Reading Room: The Case for Arts Integration

The Case for Arts Integration

The Alliance for the Arts in Research Universities (a2ru) presents “The Case for Arts Integration,” a tool for connecting across campus, outlining the “what,” “why,” and “how” of arts integration. While this book shows how arts integration can function on campus, and its range of impacts, the case it makes is broad and all-encompassing. Each university will want to define what arts integration looks like for them and how it fits into their unique cultural landscape.

Source: a2ru

a2ru Emerging Creatives Student Summit 2020

a2ru Emerging Creatives Student Summit
February 20-23, 2020
University of Cincinatti
Deadline: January 20, 2020

a2ru is now accepting applications from students and faculty to participate in the 2020 Emerging Creatives Student Summit — an intensive, working summit with experts and fellow students of all disciplines across the country to explore and tackle challenges in interdisciplinary teams around the theme, “RISE UP! Risk Something Real.”

Open to undergraduate and graduate students of a2ru partner institutions. There is no fee to attend the summit; student or student’s institution is responsible for travel and board — some meals provided as part of the Summit experience. A limited number of student travel grants and a2ru scholar awards are also available. For more info on the event, guest speakers and performers, and to apply, visit the summit website.

Feedback: Critical Evaluation Methods in the Arts

Feedback: Critical Evaluation Methods in the Arts
ARTS 6930
T-TH 9:30-10:45 AM
Spring 2020
Instructor: Mark Callahan

Now open to graduate students in all departments!

How can critique become more effective?

Readings and guided discussions will address the history and role of critique in higher education, psychology of feedback, and comparative approaches to critical evaluation across disciplines. Workshops will include activities in mapping critique and creative practice, exploring critique semantics, developing inquiry, and analyzing instructor and student expectations. The core of the course is practice-based research where each participant will have the opportunity to receive, give, and facilitate group feedback in multiple settings.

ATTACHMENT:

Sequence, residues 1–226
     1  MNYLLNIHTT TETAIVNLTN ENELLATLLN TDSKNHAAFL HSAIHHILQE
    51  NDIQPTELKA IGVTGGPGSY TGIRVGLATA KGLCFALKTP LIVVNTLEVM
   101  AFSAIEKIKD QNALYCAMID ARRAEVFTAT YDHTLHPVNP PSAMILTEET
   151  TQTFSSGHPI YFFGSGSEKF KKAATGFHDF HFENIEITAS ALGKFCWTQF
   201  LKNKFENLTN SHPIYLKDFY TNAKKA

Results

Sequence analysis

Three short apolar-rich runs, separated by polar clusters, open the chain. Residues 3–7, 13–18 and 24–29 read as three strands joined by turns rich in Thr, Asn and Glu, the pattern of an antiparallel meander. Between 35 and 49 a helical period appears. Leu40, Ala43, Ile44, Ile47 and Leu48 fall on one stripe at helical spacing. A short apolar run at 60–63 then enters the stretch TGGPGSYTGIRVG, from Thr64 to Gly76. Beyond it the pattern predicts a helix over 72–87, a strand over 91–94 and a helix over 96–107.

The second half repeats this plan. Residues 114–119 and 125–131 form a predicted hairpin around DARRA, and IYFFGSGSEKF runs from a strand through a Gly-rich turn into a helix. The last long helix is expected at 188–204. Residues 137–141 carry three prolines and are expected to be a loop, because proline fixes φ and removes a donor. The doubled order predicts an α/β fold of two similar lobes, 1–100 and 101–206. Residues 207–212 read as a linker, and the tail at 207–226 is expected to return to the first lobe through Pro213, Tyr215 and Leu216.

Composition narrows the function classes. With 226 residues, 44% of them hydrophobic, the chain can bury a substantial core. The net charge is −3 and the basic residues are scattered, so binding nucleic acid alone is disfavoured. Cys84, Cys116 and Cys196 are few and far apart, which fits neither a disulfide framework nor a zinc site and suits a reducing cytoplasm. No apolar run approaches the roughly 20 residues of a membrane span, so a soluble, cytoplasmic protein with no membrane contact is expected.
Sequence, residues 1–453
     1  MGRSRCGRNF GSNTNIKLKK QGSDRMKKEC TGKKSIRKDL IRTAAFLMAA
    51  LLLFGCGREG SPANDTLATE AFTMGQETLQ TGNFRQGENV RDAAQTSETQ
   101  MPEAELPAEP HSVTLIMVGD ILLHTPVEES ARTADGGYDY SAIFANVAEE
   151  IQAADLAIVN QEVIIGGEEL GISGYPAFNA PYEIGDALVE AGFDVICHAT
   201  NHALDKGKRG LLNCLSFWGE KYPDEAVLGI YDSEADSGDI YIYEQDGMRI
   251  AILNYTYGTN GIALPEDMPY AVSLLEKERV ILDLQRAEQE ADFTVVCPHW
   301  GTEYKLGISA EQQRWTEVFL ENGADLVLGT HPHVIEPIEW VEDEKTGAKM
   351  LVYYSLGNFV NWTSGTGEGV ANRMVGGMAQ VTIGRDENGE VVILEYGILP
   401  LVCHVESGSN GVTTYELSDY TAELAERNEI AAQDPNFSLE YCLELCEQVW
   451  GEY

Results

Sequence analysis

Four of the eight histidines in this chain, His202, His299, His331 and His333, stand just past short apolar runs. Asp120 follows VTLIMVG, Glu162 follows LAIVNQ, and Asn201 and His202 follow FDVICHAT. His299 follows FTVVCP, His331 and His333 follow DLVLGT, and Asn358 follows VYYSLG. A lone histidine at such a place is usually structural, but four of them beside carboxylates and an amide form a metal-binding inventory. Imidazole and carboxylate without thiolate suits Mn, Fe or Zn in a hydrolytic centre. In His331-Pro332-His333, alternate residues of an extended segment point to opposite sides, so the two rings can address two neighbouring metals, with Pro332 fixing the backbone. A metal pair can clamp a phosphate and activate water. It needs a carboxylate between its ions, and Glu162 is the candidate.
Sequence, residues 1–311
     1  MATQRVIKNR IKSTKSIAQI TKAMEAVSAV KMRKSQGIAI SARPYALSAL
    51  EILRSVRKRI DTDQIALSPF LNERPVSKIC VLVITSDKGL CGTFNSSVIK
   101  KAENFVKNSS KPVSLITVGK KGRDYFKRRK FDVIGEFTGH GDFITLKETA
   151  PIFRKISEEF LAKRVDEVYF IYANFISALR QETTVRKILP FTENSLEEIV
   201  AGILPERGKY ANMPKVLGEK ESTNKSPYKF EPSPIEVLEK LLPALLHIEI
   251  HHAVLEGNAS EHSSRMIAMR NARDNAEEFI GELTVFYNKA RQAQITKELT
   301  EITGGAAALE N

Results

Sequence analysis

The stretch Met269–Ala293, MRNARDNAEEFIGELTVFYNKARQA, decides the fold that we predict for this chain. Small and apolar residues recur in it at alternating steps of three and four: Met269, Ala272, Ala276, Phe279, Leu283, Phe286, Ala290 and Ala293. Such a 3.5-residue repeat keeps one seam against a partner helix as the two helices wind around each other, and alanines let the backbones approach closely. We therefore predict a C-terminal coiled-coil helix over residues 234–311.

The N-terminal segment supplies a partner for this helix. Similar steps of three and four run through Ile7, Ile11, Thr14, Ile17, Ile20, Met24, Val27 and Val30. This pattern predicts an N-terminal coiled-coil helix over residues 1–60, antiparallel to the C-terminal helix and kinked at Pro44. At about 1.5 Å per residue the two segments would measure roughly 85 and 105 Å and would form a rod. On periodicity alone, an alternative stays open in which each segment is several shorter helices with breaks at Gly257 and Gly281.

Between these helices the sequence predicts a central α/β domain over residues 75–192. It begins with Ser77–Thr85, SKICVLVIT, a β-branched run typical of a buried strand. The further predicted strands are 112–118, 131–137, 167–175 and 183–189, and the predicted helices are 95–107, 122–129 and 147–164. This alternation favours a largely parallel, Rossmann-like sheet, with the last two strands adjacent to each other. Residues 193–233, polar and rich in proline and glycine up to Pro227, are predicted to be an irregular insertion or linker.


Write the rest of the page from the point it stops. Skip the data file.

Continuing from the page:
UGA students featured in national arts research conference

October 29, 2019
Willson Center for Humanities and Arts
link to original article

UGA students featured in national arts research conference

One year after UGA hosted the Alliance for the Arts in Research Universities (a2ru) national conference, students and faculty from Athens will travel to the University of Kansas for the 2019 annual gathering of leaders. The November 7-9 event will feature discussions, white papers, posters, exhibitions, performances, and workshops around the theme of Knowledges: Artistic Practice as Method. Among the presentations selected through a rigorous peer review process is Exploring Research as Craft, a UGA student-led project developed with the support of the Willson Center’s partnership with Ideas for Creative Exploration, an interdisciplinary initiative for advanced research in the arts at UGA.

Project leaders Cydney Seigerman (Integrative Conservation and Anthropology) and Alden DiCamillo (Lamar Dodd School of Art) initiated their research through the Idea Lab Mini Grant program, a collaborative seed grant opportunity that pairs project teams with funding and mentorship from Ideas for Creative Exploration. Seigerman and DiCamillo worked with Alex McClay (Lamar Dodd School of Art), a graduate assistant in Interdisciplinary Arts Research, to facilitate production of an innovative three-part workshop series designed to promote cross-disciplinary communication by conceptualizing research and practice as craft. Workshop participants included graduate students from art, anthropology, ecology, English, forestry, microbiology, and landscape architecture. In spring 2019 the Exploring Research as Craft workshop outcomes were featured in a public exhibition and performance co-sponsored by ATHICA: Athens Institute for Contemporary Art.